A Minsky machine is basically a finite-state automaton with access to a number of unbounded registers or counters. These registers can be thought of as monosymbolic stacks (i.e. stacks of all the same symbol.) Two operations are available on each register:
- increment it; and
- decrement it unless it is zero, in which case follow an alternate state transition.
Minsky machines with two or more registers have been shown to be in the same computational class as Turing machines. Because of this, and because of their simplicity, they can be used to prove several esoteric programming languages to be Turing-complete as well.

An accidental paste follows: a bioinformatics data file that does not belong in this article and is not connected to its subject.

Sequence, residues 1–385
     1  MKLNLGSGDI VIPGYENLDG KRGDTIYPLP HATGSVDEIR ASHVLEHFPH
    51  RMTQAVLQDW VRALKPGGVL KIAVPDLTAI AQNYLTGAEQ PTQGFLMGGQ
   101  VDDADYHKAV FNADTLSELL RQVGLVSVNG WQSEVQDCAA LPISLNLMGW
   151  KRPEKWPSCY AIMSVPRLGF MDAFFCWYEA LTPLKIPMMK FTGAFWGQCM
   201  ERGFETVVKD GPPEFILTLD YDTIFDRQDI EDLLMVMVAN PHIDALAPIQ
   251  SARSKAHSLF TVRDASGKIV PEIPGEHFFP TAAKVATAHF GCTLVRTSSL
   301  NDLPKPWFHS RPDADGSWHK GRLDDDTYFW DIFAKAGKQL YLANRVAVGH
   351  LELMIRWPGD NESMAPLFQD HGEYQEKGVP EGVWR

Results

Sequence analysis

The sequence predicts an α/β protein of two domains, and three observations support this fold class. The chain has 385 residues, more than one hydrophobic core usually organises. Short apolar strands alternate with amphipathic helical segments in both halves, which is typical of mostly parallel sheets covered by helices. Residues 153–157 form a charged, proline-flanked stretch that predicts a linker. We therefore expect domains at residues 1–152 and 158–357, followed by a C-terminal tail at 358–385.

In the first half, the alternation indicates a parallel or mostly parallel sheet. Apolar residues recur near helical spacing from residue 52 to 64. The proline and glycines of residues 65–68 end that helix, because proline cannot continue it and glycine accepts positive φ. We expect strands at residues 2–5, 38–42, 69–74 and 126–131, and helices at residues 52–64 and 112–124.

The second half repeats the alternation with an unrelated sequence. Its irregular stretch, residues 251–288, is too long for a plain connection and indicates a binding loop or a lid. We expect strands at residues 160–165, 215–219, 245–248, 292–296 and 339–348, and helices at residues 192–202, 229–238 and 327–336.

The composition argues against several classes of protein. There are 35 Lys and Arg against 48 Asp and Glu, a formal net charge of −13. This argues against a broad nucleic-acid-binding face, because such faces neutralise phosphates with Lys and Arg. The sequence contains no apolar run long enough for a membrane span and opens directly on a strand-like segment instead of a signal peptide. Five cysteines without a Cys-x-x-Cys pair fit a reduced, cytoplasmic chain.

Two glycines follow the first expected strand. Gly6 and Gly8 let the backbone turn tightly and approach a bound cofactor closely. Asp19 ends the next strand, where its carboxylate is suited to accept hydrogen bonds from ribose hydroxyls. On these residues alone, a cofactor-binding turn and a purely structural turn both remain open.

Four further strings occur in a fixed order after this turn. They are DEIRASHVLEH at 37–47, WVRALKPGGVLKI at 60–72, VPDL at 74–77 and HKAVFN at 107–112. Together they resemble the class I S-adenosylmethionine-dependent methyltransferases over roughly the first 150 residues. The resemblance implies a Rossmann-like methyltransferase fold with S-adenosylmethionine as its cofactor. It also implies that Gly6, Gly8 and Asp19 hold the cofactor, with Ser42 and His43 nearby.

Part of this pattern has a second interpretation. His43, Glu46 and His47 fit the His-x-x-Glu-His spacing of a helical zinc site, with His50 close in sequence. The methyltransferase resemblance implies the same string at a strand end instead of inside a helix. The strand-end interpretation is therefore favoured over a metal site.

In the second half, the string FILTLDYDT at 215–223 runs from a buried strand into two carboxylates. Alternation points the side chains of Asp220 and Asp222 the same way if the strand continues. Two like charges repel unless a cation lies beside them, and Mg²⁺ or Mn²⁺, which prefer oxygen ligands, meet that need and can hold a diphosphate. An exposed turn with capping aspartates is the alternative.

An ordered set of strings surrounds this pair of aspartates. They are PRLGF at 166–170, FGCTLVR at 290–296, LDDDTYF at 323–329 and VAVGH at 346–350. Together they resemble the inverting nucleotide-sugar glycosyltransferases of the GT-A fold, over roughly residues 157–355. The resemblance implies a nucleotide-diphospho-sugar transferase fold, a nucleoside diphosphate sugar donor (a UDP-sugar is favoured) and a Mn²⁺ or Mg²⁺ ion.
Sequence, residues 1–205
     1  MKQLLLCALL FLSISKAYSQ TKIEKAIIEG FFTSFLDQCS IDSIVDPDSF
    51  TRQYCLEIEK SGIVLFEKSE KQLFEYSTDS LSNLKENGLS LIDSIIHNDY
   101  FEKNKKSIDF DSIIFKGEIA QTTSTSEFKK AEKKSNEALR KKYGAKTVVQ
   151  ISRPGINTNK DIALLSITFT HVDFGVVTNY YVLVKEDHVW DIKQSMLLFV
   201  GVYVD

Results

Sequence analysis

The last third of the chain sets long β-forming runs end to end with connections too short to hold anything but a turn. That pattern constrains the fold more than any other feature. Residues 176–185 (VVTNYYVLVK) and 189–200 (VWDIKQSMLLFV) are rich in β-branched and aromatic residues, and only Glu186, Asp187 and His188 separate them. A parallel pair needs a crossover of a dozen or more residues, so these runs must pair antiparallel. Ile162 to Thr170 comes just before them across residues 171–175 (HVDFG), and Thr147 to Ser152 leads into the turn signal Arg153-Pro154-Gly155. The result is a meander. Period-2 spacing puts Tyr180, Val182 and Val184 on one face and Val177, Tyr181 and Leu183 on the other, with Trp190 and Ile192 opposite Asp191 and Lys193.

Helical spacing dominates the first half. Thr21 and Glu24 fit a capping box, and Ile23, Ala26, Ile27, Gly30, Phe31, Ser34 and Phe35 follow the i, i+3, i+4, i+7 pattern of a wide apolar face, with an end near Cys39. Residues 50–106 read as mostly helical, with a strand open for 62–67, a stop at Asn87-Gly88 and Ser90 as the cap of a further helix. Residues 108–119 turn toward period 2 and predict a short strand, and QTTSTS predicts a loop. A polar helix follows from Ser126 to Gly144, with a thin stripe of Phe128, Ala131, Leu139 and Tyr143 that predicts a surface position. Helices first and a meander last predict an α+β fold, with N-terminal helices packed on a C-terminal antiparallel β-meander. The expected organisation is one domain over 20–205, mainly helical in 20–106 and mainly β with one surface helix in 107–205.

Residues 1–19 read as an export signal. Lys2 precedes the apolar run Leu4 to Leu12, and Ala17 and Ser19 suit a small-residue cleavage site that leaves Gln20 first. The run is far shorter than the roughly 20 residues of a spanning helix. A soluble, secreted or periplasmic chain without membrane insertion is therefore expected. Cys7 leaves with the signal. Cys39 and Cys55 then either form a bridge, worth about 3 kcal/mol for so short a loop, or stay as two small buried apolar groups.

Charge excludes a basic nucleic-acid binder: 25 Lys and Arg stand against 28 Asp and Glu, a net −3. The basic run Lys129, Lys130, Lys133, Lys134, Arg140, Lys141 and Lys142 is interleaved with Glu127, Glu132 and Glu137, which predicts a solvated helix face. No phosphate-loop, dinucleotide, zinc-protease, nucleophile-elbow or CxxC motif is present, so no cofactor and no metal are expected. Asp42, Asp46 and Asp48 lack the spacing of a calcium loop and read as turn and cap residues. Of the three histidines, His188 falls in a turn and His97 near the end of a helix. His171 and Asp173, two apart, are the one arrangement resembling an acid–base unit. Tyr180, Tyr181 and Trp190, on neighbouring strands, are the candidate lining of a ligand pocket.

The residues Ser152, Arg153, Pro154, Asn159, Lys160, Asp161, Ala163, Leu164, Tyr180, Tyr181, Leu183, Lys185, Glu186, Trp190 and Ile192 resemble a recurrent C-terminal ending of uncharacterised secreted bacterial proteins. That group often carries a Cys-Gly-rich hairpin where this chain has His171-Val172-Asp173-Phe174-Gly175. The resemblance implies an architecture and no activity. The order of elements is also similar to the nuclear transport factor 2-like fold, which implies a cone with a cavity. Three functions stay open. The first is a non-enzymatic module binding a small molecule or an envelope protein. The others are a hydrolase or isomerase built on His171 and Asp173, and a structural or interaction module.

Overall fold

The canonical reference is Minsky's book, Computation: Finite and Infinite Machines (Prentice-Hall International, 1967; ISBN 0131655639), in which he calls these machines program machines. He also describes a variation which is Turing-complete with only one register; this variation requires that the machine has operations to:
- multiply the register by a constant; and
- check to see if it is divisible by a constant, and if so, divide by that constant and effect an alternate state transition.